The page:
Currently power supply prices are usually set up well in advance of actual usage, simply because the number of primary providers is relatively small. In the worst case scenario, this can lead to a situation much like what occurred with Enron, in which the state of California was essentially held captive to a market monopoly that was artificially manipulated. In a distributed "smart grid" however, the power providers may be wind farms, solar arrays, geothermal sinks, hydroelectric power and so forth, in addition to primary natural gas, coal, oil or nuclear providers.
Most of these smaller players (perhaps even down to the level of individual with solar panels on her house) have in the past been kept out of the grid not so much because of engineering considerations (though those do arise) but because of the lack of ability to negotiate contracts into the grid - the process was simply not open to them because they were too small.
The dynamic is similar, if somewhat slower moving, in a carbon credit market. For many companies, the lack of a smart grid for emissions has meant that they would need to stockpile carbon credits in order to handle stress periods, and if demand dropped off to quickly, then they would be left holding more credits then they would need at the time, representing capital that could probably be used more efficiently elsewhere.
By creating a consistent mechanism for representing their current state - "I'm needing to burn more credits for a smelting project this week, and am seeking sellers for x credit warrants", they could get by with far fewer credits. This in turn means that you need far fewer credits in the system ... making it more difficult in general for independent rogue traders to speculate within the system by setting up large positions, and reducing carbon market crashes.
There is no doubt that some standard will arise to be able to accomplish these ends. The advantage of XBRL is that it already exists, is extensible, has been proven in projects worldwide, and is becoming the de facto accounting standard not just for the United States but for the governments of major economies in Europe, Asia, South America and elsewhere.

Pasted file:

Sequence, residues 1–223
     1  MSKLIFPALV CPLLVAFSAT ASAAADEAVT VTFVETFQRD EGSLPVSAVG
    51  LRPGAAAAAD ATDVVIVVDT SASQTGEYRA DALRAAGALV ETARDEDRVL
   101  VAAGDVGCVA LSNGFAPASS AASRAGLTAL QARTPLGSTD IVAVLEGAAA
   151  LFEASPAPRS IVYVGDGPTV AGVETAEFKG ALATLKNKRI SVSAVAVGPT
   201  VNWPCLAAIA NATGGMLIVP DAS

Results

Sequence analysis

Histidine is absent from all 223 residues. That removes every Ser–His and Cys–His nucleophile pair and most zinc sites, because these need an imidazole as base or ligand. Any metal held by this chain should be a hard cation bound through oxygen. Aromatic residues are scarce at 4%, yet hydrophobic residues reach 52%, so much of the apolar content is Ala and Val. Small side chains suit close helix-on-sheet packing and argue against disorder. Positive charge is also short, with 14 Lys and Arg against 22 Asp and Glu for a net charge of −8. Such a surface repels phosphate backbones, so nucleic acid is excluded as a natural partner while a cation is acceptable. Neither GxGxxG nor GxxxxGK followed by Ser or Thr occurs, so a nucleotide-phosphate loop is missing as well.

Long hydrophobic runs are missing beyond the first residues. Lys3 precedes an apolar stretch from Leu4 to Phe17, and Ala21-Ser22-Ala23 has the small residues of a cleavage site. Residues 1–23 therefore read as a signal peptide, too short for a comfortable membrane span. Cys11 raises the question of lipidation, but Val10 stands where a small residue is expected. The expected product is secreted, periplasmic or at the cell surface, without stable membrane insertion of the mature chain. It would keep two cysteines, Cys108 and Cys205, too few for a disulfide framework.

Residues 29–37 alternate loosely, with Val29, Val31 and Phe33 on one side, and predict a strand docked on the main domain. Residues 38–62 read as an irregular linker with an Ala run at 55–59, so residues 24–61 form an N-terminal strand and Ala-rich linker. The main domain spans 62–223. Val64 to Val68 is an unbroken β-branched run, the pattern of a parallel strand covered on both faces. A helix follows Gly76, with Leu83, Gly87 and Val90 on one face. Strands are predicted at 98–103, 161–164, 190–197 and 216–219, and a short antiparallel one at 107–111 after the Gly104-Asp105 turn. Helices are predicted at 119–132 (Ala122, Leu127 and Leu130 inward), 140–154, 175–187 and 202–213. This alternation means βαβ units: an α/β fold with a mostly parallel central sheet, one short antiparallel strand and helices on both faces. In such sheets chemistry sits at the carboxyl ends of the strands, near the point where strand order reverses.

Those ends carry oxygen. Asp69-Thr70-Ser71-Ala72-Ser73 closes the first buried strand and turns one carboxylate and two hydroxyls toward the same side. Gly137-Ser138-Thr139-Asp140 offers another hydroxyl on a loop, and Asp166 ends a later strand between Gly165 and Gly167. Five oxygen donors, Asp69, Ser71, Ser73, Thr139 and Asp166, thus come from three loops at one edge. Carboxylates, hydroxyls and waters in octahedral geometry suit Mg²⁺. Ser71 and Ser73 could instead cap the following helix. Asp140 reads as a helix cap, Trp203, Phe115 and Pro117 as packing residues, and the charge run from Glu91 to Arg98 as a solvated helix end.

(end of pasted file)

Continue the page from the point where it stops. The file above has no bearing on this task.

That it may also open up the door to micro-power systems should be self-evident. As one scenario, consider a neighborhood solar grid, where many of the houses have solar power-enabled roofs that actually produce more energy than they need in most cases. A smart-grid system could distribute powers between the houses collectively as needed, with the excess then sold to a grid nexus that would see the collective usage as a power provider with 20kW of power to sell, on average.
Algorithms at the collector would determine the best power sales distribution, in order to try to maximize the profits to the collective, using XBRL contracts to determine these. Every financial transaction would then be logged into an account, and when the transactions are finally settled, the resulting profit is credited automatically to each household in turn based upon their ability to provide excess power.
This distributed power arrangement makes it possible to get by with fewer large, centralized power providers, cutting down significantly on costs to taxpayers, carbon costs (since power providers tend to be the largest carbon producers), reduces the strain on the grid and hence reduces the chance of brownouts or blackouts, and provides a more resilient and energy efficient system. Micro-providers profit, providing an incentive for investment in such systems, and because all of these transactions occur in an open format, it makes it far easier both to monitor the system and to reduce the chance for market manipulation.
XBRL is not a panacea - even its proponents would agree with that - but it is undeniably a critical first step in the development of smart energy and carbon networks, a first step that we now have the political will to take.